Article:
Speaking to reporters in Bakersfield, California, Friday afternoon, Sanders confirmed that his campaign was briefed about the Kremlin’s efforts about a month ago and condemned Russia’s attempts to interfere in US elections.
“It was not clear what role they’re going to play. We were told that Russia, maybe other countries, are going to get involved in this campaign, and look, here’s the message to Russia: stay out of American elections,” Sanders said.
“And what they are doing, by the way, the ugly thing that they are doing, and I’ve seen some of their tweets and stuff, is they try to divide us up. That’s what they did in 2016 and that is the ugliest thing they are doing — is they are trying to cause chaos, they are trying to cause hatred in America. It’s an ugly business and all of us have got to say, sorry, you’re not going to do this in this election and again, as President of the United States, Mr. Putin, you will not interfere in our elections.”
At Wednesday night’s debate, Sanders was asked about online aggression from some of his supporters. Without mentioning the intelligence briefing, he replied, “All of us remember 2016, and what we remember is efforts by Russians and others to try to interfere in our elections and divide us up. I’m not saying that’s happening, but it would not shock me.”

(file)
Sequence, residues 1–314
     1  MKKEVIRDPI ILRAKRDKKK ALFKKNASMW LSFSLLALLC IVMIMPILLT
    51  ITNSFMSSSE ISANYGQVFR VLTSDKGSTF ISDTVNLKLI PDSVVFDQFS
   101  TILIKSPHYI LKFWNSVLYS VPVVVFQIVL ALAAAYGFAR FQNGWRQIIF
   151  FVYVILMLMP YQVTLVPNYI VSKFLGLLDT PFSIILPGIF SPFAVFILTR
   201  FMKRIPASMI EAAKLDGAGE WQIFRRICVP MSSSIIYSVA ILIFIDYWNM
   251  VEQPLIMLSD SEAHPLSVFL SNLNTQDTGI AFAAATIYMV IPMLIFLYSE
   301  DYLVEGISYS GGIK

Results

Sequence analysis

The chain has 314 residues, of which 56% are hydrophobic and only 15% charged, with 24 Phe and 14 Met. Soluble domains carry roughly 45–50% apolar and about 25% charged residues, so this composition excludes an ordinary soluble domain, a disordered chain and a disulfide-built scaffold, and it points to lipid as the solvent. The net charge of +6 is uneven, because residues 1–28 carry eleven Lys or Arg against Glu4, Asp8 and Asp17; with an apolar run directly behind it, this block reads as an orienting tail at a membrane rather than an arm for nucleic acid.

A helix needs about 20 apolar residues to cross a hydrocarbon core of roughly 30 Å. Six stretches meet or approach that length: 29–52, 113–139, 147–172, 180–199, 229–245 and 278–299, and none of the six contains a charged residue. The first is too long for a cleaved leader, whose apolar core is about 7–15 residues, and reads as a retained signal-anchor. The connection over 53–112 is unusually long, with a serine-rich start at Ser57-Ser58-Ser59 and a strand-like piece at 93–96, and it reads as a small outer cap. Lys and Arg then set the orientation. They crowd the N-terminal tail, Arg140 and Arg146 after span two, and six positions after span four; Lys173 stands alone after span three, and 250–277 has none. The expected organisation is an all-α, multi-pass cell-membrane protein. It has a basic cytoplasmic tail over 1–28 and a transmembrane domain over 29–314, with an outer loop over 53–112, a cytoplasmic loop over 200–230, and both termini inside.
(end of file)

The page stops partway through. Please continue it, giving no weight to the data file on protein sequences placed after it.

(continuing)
Asked Friday by CNN’s Wolf Blitzer on “The Situation Room” why the Sanders campaign didn’t disclose Russia’s involvement, Ro Khanna, a national co-chair of the campaign, said the Vermont senator didn’t want to publicly reveal sensitive information. As for why Moscow would want to boost Sanders, Khanna said he has “no idea what motivates Vladimir Putin.”
Since 2016, US intelligence officials have continued to consistently warn about Russia’s ongoing efforts to interfere in American elections, noting threats to both the 2018 midterms and the 2020 presidential race.
US intelligence officials, however, have continued to consistently warn about Russia’s ongoing efforts to interfere in American elections, noting threats to both the 2018 midterms and the 2020 presidential race. Last month, FBI Director Christopher Wray told the Senate Judiciary Committee that Russia was continuing to “engage in malign foreign influence” online with the goal of sowing division and discord, “and to generate controversy, to generate distrust in our democratic institutions in our electoral process.”
This story is breaking and will be updated.
CNN’s Donie O’Sullivan, Jim Acosta, Zachary Cohen, Dana Bash and Jeremy Herb contributed to this report.